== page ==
Harry Newton's In Search of The Perfect Investment
Newton's In Search Of The Perfect Investment. Technology Investor.
8:30 AM EST Monday, February 4, 2008: The
weekend media was full of gloom and doom. Most contrarian "sophisiticated"
investors regard this as a positive sign. They believe in "Don't fight
the fed." This morning, Bloomberg reports
S. Bernanke's decision to lower interest rates 1.25 percentage points last
month will end the dollar's two-year slide, according to the world's biggest
currency traders. For
the first time since 2003, investors are focused on relative growth prospects
rather than absolute borrowing costs, according to Geoffrey Yu, a London-based
strategist with UBS AG, the No. 2 trader. The steepest cuts by a Federal Reserve
chairman in seven years will support economic growth in the U.S. as Europe
slows, said BNP Paribas SA, the most accurate currency forecaster Bloomberg
tracks. The dollar will gain at least 9 percent against the euro this year,
UBS and BNP predict."
I'm not so sure.
I remain in mulling mode. I continue to follow my mantra, "When in doubt,
had a piece by Vitaliy Katsenelson, author of the bool, "Active Value
Investing: Making Money in Range-Bound Markets". His conclusion:
STOCKS ARE ALLEGEDLY
CHEAP NOW, at 17 times 2007 earnings. And they are cheap by historical standards.
Only seven years ago, they were at price/earnings ratios double today's; they
are even cheaper if you compare their forward earnings yield of 6.7% to Treasuries'
yield of 4.25%. They are cheap, cheap, cheap! Or so we've been told.
the cheapness argument falls on its face once we realize that pretax profit
margins are hovering at an all-time high of 11.9%, almost 40% above their
average of 8.5% since 1980. Once profit margins revert to their historical
mean, the "E" in the P/E equation will decline. If the market made
no price change in response, its P/E would rise from 17 to 23.8 times trailing
that the profit-margin reversion will take place. Here are the most common
arguments against it, and some food for thought on why "common"
doesn't necessarily translate as "wise."
Who said that
margins have to revert to a mean; why can't they just remain high?
revert to the mean not because they pay tribute to mean-reversion gods, but
because the free market works. As the economy expands, companies start earning
above-average profits. The competition reacts to fat margins like bees sensing
sugar water. They want some, too, so they fly in and start cutting into these
above-average margins. This always has happened in the past, and it will happen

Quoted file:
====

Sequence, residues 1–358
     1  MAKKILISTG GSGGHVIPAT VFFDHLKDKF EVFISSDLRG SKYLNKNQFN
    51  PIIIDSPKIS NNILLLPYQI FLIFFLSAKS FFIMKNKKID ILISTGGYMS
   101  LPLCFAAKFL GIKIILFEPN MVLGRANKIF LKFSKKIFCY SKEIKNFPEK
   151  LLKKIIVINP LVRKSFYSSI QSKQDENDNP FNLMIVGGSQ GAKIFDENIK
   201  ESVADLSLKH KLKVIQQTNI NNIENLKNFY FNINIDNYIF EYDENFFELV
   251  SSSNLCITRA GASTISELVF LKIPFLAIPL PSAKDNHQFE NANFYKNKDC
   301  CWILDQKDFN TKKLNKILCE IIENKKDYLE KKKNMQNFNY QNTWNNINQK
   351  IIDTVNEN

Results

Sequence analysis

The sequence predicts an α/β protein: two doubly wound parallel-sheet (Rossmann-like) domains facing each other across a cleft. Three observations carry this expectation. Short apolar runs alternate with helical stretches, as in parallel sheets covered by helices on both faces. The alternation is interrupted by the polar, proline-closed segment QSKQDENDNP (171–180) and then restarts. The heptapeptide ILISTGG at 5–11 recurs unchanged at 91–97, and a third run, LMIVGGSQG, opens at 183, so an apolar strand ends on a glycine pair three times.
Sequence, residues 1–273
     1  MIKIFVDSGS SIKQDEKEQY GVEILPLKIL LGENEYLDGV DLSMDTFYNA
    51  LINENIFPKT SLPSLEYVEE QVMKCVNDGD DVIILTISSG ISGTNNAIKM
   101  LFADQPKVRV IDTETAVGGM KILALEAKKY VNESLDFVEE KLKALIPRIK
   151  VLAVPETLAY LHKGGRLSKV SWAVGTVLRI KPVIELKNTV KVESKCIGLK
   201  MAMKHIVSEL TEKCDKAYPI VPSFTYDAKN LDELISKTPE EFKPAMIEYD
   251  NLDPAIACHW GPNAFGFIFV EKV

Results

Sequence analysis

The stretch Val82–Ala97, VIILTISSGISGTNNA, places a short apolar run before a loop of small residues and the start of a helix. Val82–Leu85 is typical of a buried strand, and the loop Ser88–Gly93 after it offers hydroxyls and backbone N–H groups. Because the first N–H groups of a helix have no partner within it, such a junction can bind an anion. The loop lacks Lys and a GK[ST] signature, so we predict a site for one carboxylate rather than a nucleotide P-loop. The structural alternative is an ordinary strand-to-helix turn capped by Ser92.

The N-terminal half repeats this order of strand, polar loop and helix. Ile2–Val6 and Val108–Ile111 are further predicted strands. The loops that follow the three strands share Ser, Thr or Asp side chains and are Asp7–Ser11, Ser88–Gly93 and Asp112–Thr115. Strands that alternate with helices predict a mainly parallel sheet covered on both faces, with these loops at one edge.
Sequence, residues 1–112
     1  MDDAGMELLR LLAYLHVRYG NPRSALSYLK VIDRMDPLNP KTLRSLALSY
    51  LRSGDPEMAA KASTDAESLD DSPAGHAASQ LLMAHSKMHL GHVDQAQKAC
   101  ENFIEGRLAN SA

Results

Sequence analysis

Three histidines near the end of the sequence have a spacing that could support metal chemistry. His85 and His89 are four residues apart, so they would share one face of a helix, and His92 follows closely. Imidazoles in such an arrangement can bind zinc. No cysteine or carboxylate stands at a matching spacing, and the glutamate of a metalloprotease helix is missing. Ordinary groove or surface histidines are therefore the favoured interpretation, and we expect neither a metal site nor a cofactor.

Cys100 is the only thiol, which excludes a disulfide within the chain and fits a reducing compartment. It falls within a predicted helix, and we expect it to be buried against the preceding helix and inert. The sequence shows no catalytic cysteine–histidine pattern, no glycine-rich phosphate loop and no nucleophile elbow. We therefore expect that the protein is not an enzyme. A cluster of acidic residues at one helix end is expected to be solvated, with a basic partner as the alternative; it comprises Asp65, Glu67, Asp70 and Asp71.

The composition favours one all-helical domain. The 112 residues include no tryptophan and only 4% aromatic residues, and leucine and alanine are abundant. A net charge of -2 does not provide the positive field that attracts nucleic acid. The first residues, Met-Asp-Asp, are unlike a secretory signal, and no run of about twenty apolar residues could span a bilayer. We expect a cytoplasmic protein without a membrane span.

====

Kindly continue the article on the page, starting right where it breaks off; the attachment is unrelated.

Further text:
again and again in the future.
which of late has been into "meltdowns", ran this cover:
It predicts, like
many others, a continuing drop in housing prices -- another 25% over the next
2-3 years -- based on housing prices reverting to their historical mean.
Personally I had a totally lovely weekend, playing tennis and figuring solutions
to the "Punch List" on our new house.
Two astronauts land on Mars. Their mission: to check whether there is oxygen
on the planet.
the box of matches," says one. "Either it burns and there is oxygen,
or nothing happens."
He takes the box,
and is ready to strike a match when, out of the blue, a Martian appears waving
all his arms... "No, no, don't!"
The two guys look
at each other, worried. Could there be an unknown explosive gas on Mars?
Still, he takes
another match... and... A crowd of hysterical Martians is coming, all waving
their a arms: "No, no, don't do that!"
One of the astronauts
says, "This looks serious. What are they afraid of?
here for Science, to know if man can breathe on Mars.
So he strikes
a match -- which flames up, burns down, and.... NOTHING HAPPENS!!
So he turns to
the Martians and asks, "Why did you want to prevent us from striking a
The leader of
the Martians says, "Today is Shabbos!"
This column is about my personal search for the perfect
investment. I don't give investment advice. For that you have to be registered
with regulatory authorities, which I am not. I am a reporter and an investor.
I make my daily column -- Monday through Friday -- freely available for three
reasons: Writing is good for sorting things out in my brain. Second, the column
is research for a book I'm writing called "In Search of the Perfect
Investment." Third, I encourage my readers to send me their ideas,
concerns and experiences. That way we can all learn together. My email address
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